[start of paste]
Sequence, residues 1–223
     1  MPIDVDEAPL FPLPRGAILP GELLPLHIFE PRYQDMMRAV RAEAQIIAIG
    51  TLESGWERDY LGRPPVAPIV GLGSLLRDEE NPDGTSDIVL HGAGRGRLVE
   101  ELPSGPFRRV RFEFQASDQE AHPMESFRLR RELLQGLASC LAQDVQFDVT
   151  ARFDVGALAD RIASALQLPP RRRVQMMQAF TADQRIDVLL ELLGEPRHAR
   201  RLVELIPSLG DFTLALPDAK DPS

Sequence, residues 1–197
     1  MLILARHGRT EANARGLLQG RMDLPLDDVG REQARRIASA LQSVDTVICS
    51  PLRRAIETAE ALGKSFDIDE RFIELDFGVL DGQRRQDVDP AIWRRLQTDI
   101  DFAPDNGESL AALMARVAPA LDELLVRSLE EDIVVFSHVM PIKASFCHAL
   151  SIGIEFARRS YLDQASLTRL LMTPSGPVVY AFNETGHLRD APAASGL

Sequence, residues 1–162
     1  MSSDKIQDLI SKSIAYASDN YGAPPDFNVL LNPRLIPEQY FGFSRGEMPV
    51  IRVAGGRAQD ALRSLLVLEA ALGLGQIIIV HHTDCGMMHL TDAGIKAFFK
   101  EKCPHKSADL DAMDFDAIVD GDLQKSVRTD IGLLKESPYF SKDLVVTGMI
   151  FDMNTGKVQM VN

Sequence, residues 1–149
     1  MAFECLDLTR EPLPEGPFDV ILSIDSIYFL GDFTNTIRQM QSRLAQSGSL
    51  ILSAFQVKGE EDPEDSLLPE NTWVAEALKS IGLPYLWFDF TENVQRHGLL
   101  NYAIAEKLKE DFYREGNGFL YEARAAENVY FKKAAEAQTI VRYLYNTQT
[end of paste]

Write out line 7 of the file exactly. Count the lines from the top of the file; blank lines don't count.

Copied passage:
Sequence, residues 1–197